Your project lead calls in sick. Well, she’s not really sick — her husband is having a lousy day after chemo. The branch manager needs to take leave next month because his mother is having hip surgery. Your best friend and colleague in another department just got back from England after spending two weeks helping her father move to an assisted living facility.
Combining caregiving and work is the new realty for the more than 2.3 million employees in Canada aged 45 and over. And it’s not just an older worker issue — many younger employees also combine care for an adult or senior while raising children at the same time.
As the population ages, workforce diversity increases, families become more complex and community resources shrink, the challenges of combining work and caregiving will be a reality for a much larger proportion of the workforce.
For managers, this means unpredictable absences, difficulty reaching goals and meeting objectives, and distracted or exhausted workers.
For HR, the challenges signal the urgency of developing new programs and policies or adapting existing ones to support employees and managers facing complex caregiving and work challenges.
According to Statistics Canada, the average employed caregiver spends the equivalent of one full day per week providing care and support — and there may be several episodes of intense caregiving over time.
Each month in Canada, more than 520,000 caregivers miss a total of 1.5 million work days per month because they have to provide care. And every week, more than 313,000 caregivers reduce their working time — to the tune of 2.2 million fewer hours per week — to provide care.
In total, lost productivity annually due to caregiving in Canada is equivalent to the work of 157,000 full-time employees.
“As the workforce ages, as we live longer, as the health- care sector continues to experience resource restraints, we expect that number to climb,” says Janet Fast, a professor with the Research on Aging, Policies and Practice (RAPP) program at the University of Alberta in Edmonton.
Caregiving and work study
A study is underway to examine how Canadian employers in a variety of sectors in the private, public, broader-public and non-profit or voluntary sectors are addressing the challenges related to caregiving and work.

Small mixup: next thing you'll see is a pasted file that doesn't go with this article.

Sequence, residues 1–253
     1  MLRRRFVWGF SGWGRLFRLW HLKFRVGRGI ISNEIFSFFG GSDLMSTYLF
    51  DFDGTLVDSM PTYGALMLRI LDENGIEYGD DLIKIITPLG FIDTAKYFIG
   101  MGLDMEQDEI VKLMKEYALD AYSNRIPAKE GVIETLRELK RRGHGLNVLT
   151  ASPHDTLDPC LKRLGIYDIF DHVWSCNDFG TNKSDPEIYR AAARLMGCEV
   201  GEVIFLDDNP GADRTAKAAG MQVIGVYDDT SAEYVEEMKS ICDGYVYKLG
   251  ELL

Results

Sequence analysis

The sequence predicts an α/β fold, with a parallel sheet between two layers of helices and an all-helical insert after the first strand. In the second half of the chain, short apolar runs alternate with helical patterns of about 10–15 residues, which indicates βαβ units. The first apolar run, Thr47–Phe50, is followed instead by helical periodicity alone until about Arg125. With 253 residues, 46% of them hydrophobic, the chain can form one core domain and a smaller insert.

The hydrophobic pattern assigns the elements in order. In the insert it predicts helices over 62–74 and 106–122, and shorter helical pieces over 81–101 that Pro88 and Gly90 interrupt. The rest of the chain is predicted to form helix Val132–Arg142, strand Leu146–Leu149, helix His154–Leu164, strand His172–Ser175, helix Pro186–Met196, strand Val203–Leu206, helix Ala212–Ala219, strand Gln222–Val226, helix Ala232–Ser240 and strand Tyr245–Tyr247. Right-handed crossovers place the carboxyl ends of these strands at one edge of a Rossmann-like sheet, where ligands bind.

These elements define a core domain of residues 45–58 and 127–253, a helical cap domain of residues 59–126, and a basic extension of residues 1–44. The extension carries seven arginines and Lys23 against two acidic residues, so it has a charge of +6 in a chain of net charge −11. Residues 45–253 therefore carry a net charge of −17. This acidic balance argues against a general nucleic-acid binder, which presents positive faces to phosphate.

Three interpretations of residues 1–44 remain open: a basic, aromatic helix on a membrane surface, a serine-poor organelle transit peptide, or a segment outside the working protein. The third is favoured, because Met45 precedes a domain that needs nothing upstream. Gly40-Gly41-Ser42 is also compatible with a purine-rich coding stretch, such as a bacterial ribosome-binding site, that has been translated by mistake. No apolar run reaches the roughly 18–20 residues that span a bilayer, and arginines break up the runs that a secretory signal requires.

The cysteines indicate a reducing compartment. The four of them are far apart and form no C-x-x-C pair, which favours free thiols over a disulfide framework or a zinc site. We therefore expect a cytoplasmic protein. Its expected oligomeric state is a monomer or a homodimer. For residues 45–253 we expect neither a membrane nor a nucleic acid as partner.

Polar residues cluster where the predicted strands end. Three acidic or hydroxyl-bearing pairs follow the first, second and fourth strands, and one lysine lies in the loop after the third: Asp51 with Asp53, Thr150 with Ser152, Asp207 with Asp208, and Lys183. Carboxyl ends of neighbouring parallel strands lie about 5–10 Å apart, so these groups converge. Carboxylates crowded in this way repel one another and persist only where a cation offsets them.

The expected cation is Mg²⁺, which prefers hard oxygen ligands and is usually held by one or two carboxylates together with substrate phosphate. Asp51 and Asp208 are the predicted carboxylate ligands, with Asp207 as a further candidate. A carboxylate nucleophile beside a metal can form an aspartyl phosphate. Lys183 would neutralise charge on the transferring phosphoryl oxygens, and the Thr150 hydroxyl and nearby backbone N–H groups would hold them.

It’s designed to benchmark current practices (formal and informal) and to identify important information and resource needs to support employees and employers.
Researchers are exploring whether workplace flexibility strategies, paid or unpaid leaves, financial supports or wellness programs are available to employees who need them.
Preliminary results (based on 99 respondents) show:
• there is an emerging awareness of caregiving and work issues but it’s not on the radar screen for many organizations
• there are few workplace policies or practices aimed at caregivers of adults and elders
• most organizations believe the flex arrangements and programs originally designed for parents with young children will meet the needs of employees providing care for an adult
• 97 per cent of respondents have experienced employees who have or are currently providing care for a child, while 77 per cent have experienced employees providing care for an adult with a disability or serious/chronic health problem
• as workforces become more diverse, adult care becomes more complex — 59 per cent of respondents have employees responsible for caring for an adult in another province or country
• about one-half of employers in the study (54 per cent) see caregiving supports as an “organizational strategy” while others (46 per cent) see them as an “individual favour” to an employee
• more than 40 per cent of respondents see work-life balance as a high priority, while only 20 per cent indicate child care is a priority and 10 per cent see adult care as a priority
• only five per cent pay employees during a compassionate care leave, seven per cent top up employment insurance (EI) benefits and 26 per cent provide unpaid leave of more than eight weeks
• paid time off (such as the use of personal sick days to care for another) and flexing start or end times is available at 87 per cent of workplaces in the study, while 78 per cent occasionally let employees work from home.
The study consists of a comprehensive online program, policy and practice audit, manager interviews and workplace roundtables.
Survey still open
The survey — a collaborative project of the Vanier Institute of the Family in Ottawa, the Centre for Families, Work and Well-Being at the University of Guelph in Ontario, the program on Research on Aging Policies and Practices at the University of Alberta and ARUC (Alliance de rechercheuniversité-communauté) at the Université du Québec à Montréal — is still open. For more information, visit www.vifamily.ca or www.worklifecanada.ca.
Nora Spinks is CEO of the Vanier Institute of the Family and former president of Work-Life Harmony Enterprises. She can be reached at email@example.com. Donna Lero is professor and Jarislowsky Chair in Families and Work at the Centre for Families, Work and Well-Being. She can be reached at firstname.lastname@example.org.